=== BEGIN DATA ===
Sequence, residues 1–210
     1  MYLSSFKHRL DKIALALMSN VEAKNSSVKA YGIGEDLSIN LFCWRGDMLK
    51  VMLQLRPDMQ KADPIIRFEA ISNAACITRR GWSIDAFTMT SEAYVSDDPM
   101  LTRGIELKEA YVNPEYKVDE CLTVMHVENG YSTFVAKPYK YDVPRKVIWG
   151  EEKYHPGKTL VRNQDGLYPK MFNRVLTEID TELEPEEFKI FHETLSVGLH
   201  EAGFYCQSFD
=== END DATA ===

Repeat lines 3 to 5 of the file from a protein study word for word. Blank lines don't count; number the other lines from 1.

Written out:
    51  VMLQLRPDMQ KADPIIRFEA ISNAACITRR GWSIDAFTMT SEAYVSDDPM
   101  LTRGIELKEA YVNPEYKVDE CLTVMHVENG YSTFVAKPYK YDVPRKVIWG
   151  EEKYHPGKTL VRNQDGLYPK MFNRVLTEID TELEPEEFKI FHETLSVGLH